Recently, Barril et al. [7] have detected occult HCV infection in 45% of antibody-negative/RNA-negative patients receiving dialysis with abnormal liver function. Although it may be of interest, these results should be interpreted with caution because of potential major concerns [20]. First, in their study, liver-enzyme levels were abnormal in patients experiencing occult HCV infection whereas, in dialysis patients with chronic active HCV infection, liver-enzyme levels were often within the normal range [21,22]. Second, they reported a very high proportion of deaths (39%) during the short length of follow-up. However, these deaths were not related to HCV-liver disease. This suggests the presence of another underlying disease other than HCV infection that may have been responsible for the increased enzyme levels. Third, seven of these hemodialysis patients had received a kidney transplant, but their serum HCV RNA remained negative after kidney transplantation. In HCV RNA-positive patients, there is a significant increase in serum HCV RNA concentration after transplantation because of the loss of HCV-immune control under immunosuppression [23–26]. Hence, it is surprising that no HCV RNA was detected in the serum of the seven kidney-transplant patients who had an occult HCV infection before transplantation. The number and/or type of immunosuppressive therapies were not reported in the Barril et al. study [7]. In our study, 13 patients (50%) received RATG or OKT3, and 20 patients (79%) received mycophenolic acid. Both drugs have been found to increase HCV viremia in HCV-infected patients [26–28] but none of the 26 kidney-transplant patients had a detectable HCV RNA in their plasma, which confirms and extends the results obtained in our previous study [6]. Finally, interestingly, none of our patients developed any HCV-related glomerulopathy or a liver disease within this long follow-up. No patients who had a post-treatment liver biopsy showed a deteriorating liver histology. Only three patients, who received a tacrolimus-based therapy, developed post-transplant diabetes mellitus. The occurrence of post-transplant diabetes mellitus in HCV-positive/RNA-positive patients is usually much more frequent [29]. HCV infection has also been identified as one of the important risk factors for tuberculosis in kidney-transplant patients [30]. In this study, none of the patients developed tuberculosis after transplantation.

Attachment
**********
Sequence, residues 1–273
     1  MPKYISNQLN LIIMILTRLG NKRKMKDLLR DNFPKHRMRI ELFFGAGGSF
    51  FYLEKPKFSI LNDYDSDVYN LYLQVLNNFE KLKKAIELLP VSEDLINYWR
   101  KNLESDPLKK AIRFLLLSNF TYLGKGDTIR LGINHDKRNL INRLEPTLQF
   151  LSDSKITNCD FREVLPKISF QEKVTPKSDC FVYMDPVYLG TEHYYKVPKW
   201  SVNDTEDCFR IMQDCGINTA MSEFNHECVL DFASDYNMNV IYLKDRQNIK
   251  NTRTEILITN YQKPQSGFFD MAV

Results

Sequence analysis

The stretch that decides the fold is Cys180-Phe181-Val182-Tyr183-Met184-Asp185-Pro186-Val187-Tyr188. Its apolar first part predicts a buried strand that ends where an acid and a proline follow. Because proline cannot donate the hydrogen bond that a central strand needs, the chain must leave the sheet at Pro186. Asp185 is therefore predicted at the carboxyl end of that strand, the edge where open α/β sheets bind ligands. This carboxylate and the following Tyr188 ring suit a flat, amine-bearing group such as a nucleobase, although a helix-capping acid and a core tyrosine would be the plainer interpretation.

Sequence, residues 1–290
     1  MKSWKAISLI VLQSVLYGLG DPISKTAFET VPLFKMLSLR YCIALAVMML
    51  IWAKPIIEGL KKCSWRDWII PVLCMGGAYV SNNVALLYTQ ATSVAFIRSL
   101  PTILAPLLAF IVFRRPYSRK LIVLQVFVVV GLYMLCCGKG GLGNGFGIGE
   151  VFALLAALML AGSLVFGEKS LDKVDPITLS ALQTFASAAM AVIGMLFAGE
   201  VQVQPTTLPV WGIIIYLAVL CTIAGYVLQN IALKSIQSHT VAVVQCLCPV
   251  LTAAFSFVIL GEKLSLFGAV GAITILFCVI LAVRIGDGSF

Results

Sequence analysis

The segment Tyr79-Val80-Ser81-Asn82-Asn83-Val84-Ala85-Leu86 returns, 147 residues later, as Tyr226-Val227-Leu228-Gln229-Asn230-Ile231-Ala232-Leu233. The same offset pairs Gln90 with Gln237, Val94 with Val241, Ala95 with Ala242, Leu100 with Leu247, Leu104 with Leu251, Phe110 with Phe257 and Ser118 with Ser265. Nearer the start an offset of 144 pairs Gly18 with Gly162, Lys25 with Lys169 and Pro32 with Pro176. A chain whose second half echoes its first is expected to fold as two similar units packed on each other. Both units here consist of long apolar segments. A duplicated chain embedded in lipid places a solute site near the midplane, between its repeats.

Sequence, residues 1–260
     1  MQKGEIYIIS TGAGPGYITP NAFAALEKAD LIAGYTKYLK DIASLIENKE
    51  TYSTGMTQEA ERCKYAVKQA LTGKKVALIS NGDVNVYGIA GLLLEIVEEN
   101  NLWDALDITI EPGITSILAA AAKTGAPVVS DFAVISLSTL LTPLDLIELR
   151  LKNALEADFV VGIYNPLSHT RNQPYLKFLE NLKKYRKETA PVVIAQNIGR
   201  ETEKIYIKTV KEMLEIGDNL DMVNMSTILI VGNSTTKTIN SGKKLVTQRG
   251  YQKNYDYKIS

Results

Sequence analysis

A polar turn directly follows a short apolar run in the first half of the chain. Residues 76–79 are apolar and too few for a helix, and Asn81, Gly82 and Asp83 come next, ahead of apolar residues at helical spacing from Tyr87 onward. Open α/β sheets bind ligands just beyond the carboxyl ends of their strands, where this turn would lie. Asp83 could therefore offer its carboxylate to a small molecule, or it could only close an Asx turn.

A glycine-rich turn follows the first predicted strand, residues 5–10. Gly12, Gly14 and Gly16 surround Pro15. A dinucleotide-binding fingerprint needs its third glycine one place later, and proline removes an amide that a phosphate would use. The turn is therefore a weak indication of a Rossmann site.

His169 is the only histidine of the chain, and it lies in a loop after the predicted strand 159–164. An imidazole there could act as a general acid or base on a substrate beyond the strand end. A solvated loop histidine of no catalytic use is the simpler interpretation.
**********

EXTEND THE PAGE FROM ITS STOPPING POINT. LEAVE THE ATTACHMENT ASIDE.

Our findings strengthen the results obtained from recent studies that have detected no HCV genomic RNA in the plasma or PBMCs of 156 successfully treated immunocompetent patients [31], or in the PBMCs of 69 anti-HCV-positive/HCV RNA-negative blood donors [32]. The absence of detectable HCV RNA genome in liver biopsies, PBMCs, and plasma of patients with impaired immunity indicates no persisting HCV. However, other studies, in smaller cohorts of patients (15–24 patients), have found PBMCs to be the site of HCV infection after successful treatment or spontaneous elimination of HCV infection in about 50% of patients [10,13,14,19,33]. The disagreement between these studies, i.e., either HCV elimination or HCV persistence, may be linked to differences within the criteria used to define plasma viremia in patients with apparent SVR. Indeed, standardized techniques used to classify patients as SVR differ between studies, ranging from 25 to 1000 copies/ml. About 60% of patients with an occult HCV infection had detectable HCV RNA virus in their plasma and their mean viral load was 71 HCV RNA copies/ml (range 18–192) [9]. Therefore, HCV genomic RNA would have probably been detected by conventional tests if sensitive RT-PCR assays [CAP/CTM or transcription-mediated assay (TMA)] had been used to screen these patients. Based on the previous published data [7,9,10,13], HCV RNA could have been detected in the PBMCs of 13 patients (50%) and in the plasma of seven patients (37%) in our cohort. Despite a small number of patients, the size of the studied population seems adequate to detect the presence of the HCV RNA genome in PBMCs or plasma. Data on fibrosis after HCV clearance were not available in all patients. The use of liver stiffness or fibrotest in this population for diagnosing liver fibrosis could be an acceptable alternative for future studies [34].